US Navy Guided-missile Submarine USS Michigan Operates in 7th Fleet
US Navy Guided-missile Submarine USS Michigan Operates in 7th Fleet

US Navy Guided-missile Submarine USS Michigan Operates in 7th Fleet

The Ohio-class guided-missile submarine USS Michigan (SSGN 727) made a brief stop for personnel near Okinawa, Japan as part of her deployment to the U.S. 7th Fleet area of operations, Nov. 10, 2022. The Pacific-based submarine is operating in the U.S. 7th Fleet under the command and control of Commander, Task Force 74 to complement the undersea warfare capabilities of the region. Ohio-Class guided-missile submarines (SSGN) provide the Navy with unprecedented strike and special operation mission capabilities from a stealth, clandestine platform. Armed with tactical missiles and equipped with superior communications capabilities, SSGNs are capable of directly supporting combatant commander’s strike and special operation forces requirements.

“Having Michigan in theater adds to our already deep bench of undersea warfare capabilities throughout the region,” said Rear Adm. Rick Seif, Commander, Submarine Group 7. “Their presence demonstrates our continued commitment to providing maritime security and deterrence in the Indo-Pacific.”

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The Ohio-class guided-missile submarine USS Michigan (SSGN 727) made a brief stop for personnel (BSP) near Okinawa, Japan as part of its deployment to the U.S. 7th Fleet area of operations, Nov. 10. Michigan is homeported at Naval Base Kitsap, Washington and is operating in the U.S. 7th Fleet area of operations, conducting maritime security operations and supporting national security interests. (U.S. Marine Corps photo by Staff Sgt. Andrew Ochoa)
The Ohio-class guided-missile submarine USS Michigan (SSGN 727) made a brief stop for personnel (BSP) near Okinawa, Japan as part of its deployment to the U.S. 7th Fleet area of operations, Nov. 10. Michigan is homeported at Naval Base Kitsap, Washington and is operating in the U.S. 7th Fleet area of operations, conducting maritime security operations and supporting national security interests. (U.S. Marine Corps photo by Staff Sgt. Andrew Ochoa)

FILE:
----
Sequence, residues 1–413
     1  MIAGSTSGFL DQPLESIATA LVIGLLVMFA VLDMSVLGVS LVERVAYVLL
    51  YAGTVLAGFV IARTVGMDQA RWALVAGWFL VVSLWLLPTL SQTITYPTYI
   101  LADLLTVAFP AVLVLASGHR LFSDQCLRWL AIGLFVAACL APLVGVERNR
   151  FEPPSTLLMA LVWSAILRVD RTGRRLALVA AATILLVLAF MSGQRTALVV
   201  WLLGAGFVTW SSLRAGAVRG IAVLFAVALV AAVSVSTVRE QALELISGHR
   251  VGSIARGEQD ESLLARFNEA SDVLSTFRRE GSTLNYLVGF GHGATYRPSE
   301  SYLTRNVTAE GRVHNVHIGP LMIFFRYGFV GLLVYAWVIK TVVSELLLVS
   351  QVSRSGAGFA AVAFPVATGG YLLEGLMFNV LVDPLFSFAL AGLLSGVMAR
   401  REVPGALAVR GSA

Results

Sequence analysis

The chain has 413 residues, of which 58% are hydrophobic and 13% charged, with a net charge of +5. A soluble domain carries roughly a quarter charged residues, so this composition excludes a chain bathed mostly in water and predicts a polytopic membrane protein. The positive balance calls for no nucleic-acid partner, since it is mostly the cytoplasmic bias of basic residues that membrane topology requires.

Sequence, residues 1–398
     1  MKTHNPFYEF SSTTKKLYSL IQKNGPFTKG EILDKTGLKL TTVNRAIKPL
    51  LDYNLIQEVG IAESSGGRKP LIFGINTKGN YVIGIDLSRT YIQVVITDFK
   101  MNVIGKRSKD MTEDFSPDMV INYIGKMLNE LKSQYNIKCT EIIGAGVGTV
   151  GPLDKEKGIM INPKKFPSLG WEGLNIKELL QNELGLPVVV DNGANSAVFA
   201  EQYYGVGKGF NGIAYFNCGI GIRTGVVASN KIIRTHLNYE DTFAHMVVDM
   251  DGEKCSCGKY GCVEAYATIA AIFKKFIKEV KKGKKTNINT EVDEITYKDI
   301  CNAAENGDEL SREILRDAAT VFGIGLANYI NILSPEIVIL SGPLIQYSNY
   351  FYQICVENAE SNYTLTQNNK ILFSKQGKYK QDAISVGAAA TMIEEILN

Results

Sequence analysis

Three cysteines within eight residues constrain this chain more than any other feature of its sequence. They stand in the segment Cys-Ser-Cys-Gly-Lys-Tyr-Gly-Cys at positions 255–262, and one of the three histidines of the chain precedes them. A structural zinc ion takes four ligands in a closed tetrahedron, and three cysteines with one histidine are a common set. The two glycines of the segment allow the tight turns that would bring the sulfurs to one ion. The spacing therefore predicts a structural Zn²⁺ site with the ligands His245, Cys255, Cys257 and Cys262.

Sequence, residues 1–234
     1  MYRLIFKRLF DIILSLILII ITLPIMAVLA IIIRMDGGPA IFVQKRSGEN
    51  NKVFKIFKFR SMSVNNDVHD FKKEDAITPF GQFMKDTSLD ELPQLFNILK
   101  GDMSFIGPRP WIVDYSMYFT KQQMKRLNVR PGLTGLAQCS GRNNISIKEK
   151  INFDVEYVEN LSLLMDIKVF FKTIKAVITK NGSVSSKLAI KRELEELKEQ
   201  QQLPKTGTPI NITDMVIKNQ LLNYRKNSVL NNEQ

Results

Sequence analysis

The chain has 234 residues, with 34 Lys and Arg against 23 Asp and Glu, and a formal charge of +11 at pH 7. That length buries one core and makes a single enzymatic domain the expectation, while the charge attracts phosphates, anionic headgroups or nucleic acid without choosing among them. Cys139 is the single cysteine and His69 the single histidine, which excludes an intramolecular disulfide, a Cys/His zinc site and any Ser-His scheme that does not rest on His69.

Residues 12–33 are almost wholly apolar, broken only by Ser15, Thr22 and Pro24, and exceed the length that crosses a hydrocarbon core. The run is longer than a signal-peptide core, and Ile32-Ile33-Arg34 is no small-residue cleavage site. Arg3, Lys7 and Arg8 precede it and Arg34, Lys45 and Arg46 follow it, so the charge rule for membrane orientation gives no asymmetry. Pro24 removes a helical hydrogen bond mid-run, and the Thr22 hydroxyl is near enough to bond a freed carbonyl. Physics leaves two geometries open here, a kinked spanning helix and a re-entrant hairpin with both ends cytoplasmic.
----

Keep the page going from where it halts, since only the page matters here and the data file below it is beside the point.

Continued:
Michigan was commissioned on Sept. 11, 1982. It is the second submarine of the Ohio-class of ballistic missile submarines (SSBNs) and SSGNs, and the third U.S. Navy ship to bear the name. Michigan was built to carry the Navy’s third generation submarine-launched ballistic missile, the Trident C-4. After arriving in Bangor in March 1983, Michigan would carry out her primary mission of deterrence for nearly 20 years, conducting more than 60 strategic deterrent patrols. At the conclusion of the Cold War, Michigan, Ohio and two sister ships – USS Florida (SSBN 728) and USS Georgia (SSBN 729) – were considered for decommissioning. Instead, the Navy chose to convert the Ohio-class seaframe to carry Tomahawk land attack missiles or other payloads in lieu of ballistic missiles. Michigan, based out of Naval Base Kitsap in Washington, is conducting maritime operations in the U.S. 7th Fleet area of operations in support of U.S. national security interests in the Indo-Pacific region.

As the U.S. Navy’s largest forward deployed fleet, U.S. 7th Fleet routinely operates between 50-70 ships and submarines and 140 aircraft with approximately 20,000 Sailors. 7th Fleet’s area of operation spans more than 124 million square kilometers, stretching from the International Date Line to the India/Pakistan border; and from the Kuril Islands in the North to the Antarctic in the South Pacific, providing security and stability to the region. 7th Fleet interacts with 35 other maritime nations to build partnerships that foster maritime security while conducting a wide-range of missions to support humanitarian efforts and uphold international laws and freedoms of the sea. CSG 7 directs forward-deployed, combat capable forces across the full spectrum of undersea warfare throughout the Western Pacific, Indian Ocean and Arabian Sea.

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